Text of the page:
Haven't had any luck in the online dating world? Your chances may have just immediately doubled.
DuoDater is a new website that is centered around setting people up on double dates. You grab a willing and (hopefully) single friend; you're paired (quadrupled?) with another duo; and you go on a double date. If it sounds like OKCupid2 or any of the other dating sites times two, then co-founder Andrew Flachner wants to correct your misconception:
"We're not looking to be Match.com," he told me in a phone call. "Hopefully things will click more naturally than that."
"More naturally," in this case, is all about making conversation and interaction easier on singles. DuoDater is a site for those who find the keystones of traditional dating websites -- messaging potential matches, meeting a person one-on-one, writing a lengthy profile about oneself -- "intimidating and awkward," in Flachner's words.
So how does one make a blind date more natural? By making it a double date, which DuoDater wants to help you organize.
Having a friend with you on a date can help your real personality come through, Flachner says. Actually, the way Flachner frames it, DuoDater is kind of like the bowl of porridge from Goldilocks that is "just right." One-on-one dating sites like Match.com and OKCupid are intimidating and awkward; group dating sites like the three-on-three Grouper and up-to-ten-at-a-time Ignighter are too large to make a real connection and too difficult to coordinate logistics-wise.
"To actually hope that everyone has fun [on a group date] is a longshot," Flachner says.
From the way my friends describe online dating, to hope that anyone has fun on any date is a longshot, no matter how many people are there. But anyway...
Users can sign up for DuoDater through Facebook or the traditional way, choosing a username and password and all that fun stuff. They then invite a friend (or many friends) to be in their dating duo (or duos): You and your friend form a duo, fill out brief questionnaires about your habits and interests, and choose from a selection of date locations and activities you're interested in. You are then paired with other duos whose interests and activity choices match yours. Here's a screenshot of the activity choosing feature for San Francisco, where DuoDater was developed and is based:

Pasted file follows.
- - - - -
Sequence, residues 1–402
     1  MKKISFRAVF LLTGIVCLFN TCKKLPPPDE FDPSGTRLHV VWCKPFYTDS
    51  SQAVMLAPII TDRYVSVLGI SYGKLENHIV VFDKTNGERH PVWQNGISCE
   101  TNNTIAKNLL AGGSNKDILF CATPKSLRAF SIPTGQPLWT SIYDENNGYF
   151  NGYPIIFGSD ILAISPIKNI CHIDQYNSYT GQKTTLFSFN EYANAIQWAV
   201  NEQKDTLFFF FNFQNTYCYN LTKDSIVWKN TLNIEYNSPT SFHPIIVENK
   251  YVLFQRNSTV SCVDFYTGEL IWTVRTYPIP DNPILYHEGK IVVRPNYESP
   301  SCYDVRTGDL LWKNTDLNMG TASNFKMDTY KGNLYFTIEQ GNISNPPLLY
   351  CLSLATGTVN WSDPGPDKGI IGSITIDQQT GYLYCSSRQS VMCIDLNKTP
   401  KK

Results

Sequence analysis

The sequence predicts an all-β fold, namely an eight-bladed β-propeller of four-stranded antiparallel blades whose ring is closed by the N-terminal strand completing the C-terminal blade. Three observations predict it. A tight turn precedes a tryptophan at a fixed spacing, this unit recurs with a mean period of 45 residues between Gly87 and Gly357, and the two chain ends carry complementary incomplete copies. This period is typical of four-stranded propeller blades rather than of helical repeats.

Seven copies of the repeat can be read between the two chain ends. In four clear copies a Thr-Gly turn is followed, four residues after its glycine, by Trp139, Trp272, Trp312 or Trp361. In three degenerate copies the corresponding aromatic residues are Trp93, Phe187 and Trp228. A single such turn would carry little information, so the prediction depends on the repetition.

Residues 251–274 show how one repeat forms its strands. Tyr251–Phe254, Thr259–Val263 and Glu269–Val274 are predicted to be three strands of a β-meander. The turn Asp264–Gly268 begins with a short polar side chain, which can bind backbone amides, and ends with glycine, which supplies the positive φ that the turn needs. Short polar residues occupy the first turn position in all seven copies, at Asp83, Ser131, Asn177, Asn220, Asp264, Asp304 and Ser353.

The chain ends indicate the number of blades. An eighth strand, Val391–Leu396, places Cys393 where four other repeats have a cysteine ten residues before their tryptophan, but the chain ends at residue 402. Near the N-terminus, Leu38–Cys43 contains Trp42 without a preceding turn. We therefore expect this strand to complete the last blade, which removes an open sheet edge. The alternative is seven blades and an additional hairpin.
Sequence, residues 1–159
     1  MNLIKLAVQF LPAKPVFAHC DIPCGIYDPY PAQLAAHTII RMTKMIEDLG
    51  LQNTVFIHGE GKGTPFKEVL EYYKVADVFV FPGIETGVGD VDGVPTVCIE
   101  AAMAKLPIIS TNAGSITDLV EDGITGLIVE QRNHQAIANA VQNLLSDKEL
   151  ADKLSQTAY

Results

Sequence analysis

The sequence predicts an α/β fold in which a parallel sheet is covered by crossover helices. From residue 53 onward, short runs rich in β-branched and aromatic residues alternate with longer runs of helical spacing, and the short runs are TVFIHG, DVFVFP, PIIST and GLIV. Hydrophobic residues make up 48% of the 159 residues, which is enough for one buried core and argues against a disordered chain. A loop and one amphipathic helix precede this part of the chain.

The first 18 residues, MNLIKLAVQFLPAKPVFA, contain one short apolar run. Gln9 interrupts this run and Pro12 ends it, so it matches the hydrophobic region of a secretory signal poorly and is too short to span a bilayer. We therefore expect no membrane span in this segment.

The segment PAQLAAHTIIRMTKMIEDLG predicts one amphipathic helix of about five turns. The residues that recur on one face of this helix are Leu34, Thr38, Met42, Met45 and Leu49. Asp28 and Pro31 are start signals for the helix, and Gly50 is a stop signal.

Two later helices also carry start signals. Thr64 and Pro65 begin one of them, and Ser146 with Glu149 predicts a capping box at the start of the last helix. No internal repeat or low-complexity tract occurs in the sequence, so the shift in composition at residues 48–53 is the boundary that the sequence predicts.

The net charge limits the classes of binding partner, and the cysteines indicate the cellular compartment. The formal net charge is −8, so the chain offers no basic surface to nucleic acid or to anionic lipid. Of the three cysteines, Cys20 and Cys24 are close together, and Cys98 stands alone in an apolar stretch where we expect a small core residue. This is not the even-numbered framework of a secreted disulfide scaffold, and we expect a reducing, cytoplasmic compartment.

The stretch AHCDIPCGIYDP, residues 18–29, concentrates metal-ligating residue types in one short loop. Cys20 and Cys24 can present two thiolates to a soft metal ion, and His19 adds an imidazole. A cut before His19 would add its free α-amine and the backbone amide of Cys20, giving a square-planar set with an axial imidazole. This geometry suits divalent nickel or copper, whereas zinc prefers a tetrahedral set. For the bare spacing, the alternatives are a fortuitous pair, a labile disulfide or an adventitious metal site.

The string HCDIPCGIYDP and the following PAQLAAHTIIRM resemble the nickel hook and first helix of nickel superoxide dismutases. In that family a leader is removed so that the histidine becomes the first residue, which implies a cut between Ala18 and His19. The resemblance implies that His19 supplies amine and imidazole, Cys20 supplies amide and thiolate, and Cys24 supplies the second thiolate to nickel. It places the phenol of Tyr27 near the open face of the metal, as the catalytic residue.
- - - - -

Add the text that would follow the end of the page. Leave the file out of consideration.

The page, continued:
Here's a shot of the main DuoDater interface; my friend Charlie and I formed a (dashing) duo, filled out the information we wanted to be public, and are now ready to meet and greet the ladies of New York City:
Unfortunately, we cannot meet and greet the ladies of New York City quite yet, as the service is still limited to the San Francisco/Bay Area. And while there is no definite timetable for DuoDater to spread Eastward two-by-two, Flachner does expect his site to begin its expansion "soon."
Aside from currently only existing 3000 miles from where I live, DuoDater is going to have to overcome a few other obstacles in order for it to be successful.
First, obviously, DuoDater must stand out from the heaps of other dating websites currently out there and enroll a lot of participants. I like the idea of a dating website devoted to two-on-two outings, and I agree that it is less stressful or threatening than a one-on-one blind date, and more practical than anything over 3 people per side at a time (See: Grouper). But like all other dating websites, it only works if a lot of people sign up. They've made the enrollment process easy enough; now it is a matter of attracting a large enough pool of DuoDaters that the service can actually match up pairs of singles.
Which brings me to my main hangup: How, exactly, do you and your partner choose who to pair with? How likely is it that my dating partner and I are going to be able to find two girls that we both want to date? (This is where the large pool of users plays in). And, building on that, if both my partner and I do find two girls we like, how do we decide who pairs up with whom? I know that it should be "natural" as to the pairings, but it seems like DuoDater might be setting some of its users up for getting their feelings hurt by their best friends. Now, this happens to me on a daily basis, because all of my friends are jerks, but other people might not be ready to see a friend steal away the date they were trying to make eyes at all night.
DuoDater is currently in beta and is open via invitation only. The folks at DuoDater were kind enough to offer up invites for the first 500 HuffPost Tech readers by using the code "HuffPost" to sign up. Even if you're not in San Francisco, you can still get an account and a profile and invite your friends to form duos with you; Flachner says DuoDater will notify users when DuoDater becomes available in their towns. The most popular locations for DuoDater right now besides San Francisco are Los Angeles, and New York City; so if you are in LA or NYC, you might be able to DuoDate in the near future.
And if you're wondering whether or not you might be able to double date the DuoDater co-founders:
"I have a girlfriend," Flachner says, "but I have her permission to use the site."
Watch out, DuoDater co-founder Andrew Flachner's girlfriend. Watch out.